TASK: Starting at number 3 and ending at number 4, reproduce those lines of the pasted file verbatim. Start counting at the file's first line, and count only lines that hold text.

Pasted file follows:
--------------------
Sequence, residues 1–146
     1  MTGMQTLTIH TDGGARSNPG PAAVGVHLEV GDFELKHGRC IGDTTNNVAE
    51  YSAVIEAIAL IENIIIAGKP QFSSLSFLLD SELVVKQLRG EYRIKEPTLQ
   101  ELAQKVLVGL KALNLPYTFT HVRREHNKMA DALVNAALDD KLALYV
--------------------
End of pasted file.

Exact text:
    51  YSAVIEAIAL IENIIIAGKP QFSSLSFLLD SELVVKQLRG EYRIKEPTLQ
   101  ELAQKVLVGL KALNLPYTFT HVRREHNKMA DALVNAALDD KLALYV